|Daily Racing Form|
|Friday, November 8
|Churchill Downs beefs up betting security|
LOUISVILLE, Ky. -- Churchill Downs Inc. is beefing up security to protect the betting system at its six racetracks, a move prompted by the investigation into suspicious Breeders' Cup wagers.
Three new measures will take effect Wednesday at tote company hubs operating at facilities owned by Churchill Downs, including Arlington Park, where the Breeders' Cup was held Oct. 26.
Thomas H. Meeker, president and chief executive of Churchill Downs, said Friday he wants to "allay fears and move briskly to improving consumer confidence.''
With the new security, an automatic betting lockout will be triggered at least one minute before the official start of the race, allowing for bet collection and tabulation of final odds. The change applies to on-track, off-track and electronic mutuel pool wagering of all races. Officials are still studying how to treat out-of-state money not in by deadline.
"The objective there is to attempt to get final odds posted on the board prior to the time the horses leave the gate,'' Meeker said.
The company's racetracks will no longer take bets for pools from hub facilities without front-end electronic recording devices, which leave an audit trail from the time the wager is placed.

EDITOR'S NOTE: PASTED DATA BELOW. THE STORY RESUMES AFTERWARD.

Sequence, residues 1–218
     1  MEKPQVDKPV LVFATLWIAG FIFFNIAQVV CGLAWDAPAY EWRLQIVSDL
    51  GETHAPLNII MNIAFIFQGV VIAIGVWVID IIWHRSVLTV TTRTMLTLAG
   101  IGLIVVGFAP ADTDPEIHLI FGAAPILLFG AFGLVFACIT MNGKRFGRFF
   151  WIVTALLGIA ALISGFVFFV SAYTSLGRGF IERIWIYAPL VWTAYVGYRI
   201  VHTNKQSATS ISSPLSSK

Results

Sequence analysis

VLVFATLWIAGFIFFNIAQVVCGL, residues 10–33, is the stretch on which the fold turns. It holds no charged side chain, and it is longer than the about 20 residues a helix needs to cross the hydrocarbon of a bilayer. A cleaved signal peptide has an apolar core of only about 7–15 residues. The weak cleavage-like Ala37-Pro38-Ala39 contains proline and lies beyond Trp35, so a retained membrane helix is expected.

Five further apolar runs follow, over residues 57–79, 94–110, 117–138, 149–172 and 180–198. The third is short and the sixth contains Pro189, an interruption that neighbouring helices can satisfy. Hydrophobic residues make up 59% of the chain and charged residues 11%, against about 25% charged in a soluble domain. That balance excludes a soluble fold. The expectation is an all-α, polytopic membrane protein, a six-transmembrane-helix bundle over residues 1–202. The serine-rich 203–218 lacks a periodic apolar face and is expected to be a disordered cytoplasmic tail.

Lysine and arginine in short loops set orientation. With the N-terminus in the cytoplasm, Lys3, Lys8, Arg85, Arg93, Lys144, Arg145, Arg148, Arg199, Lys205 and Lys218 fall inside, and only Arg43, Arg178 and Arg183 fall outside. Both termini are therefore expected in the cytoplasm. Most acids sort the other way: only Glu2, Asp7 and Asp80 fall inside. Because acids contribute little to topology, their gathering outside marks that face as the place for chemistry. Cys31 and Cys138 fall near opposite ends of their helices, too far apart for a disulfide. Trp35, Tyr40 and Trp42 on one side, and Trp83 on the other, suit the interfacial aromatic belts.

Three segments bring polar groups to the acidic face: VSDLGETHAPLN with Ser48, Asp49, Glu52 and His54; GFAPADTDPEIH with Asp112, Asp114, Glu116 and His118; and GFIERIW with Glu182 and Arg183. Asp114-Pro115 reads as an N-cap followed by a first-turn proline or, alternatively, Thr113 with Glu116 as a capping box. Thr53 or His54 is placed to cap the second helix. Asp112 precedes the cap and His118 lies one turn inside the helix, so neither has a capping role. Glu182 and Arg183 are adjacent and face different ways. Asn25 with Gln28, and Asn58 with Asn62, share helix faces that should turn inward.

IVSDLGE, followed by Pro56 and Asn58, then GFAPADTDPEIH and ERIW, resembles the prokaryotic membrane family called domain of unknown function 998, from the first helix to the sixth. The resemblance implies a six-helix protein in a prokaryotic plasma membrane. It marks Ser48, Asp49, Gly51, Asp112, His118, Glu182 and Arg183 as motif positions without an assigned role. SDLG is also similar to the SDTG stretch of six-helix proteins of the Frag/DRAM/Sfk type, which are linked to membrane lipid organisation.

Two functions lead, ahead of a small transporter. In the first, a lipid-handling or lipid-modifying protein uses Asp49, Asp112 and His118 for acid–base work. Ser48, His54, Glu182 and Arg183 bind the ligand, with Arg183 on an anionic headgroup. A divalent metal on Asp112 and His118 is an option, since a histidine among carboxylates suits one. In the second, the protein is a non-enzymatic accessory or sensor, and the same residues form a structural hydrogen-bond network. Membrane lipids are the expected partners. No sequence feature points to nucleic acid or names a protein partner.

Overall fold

The third change calls for a review of winning simulcast wagers in multiple races. The tote company handling bets deemed irregular or questionable will be required to provide details of the transactions to the relevant racing organization investigating the wager.
Keeneland in Lexington and Del Mar in California plan to implement similar measures, after endorsing reforms suggested Friday by the National Thoroughbred Racing Association.
Officials have not decided whether the changes are permanent or temporary. Meeker could not specify a cost for the security measures.
"If there's anything we can do to improve that, we ought to do it, regardless of cost,'' he said.
The action is in response to a suspicious Pick Six bet worth $3 million placed before the Breeders' Cup. Racing officials suspect the computer system that handled the bets was manipulated to ensure winning tickets.
Besides Arlington Park in Arlington Heights, Ill., and Churchill Downs, home of the Kentucky Derby in Louisville, the company owns: Calder Race Course in Miami; Ellis Park in Henderson, Ky.; Hollywood Park in Inglewood, Calif.; and Hoosier Park in Anderson, Ind.
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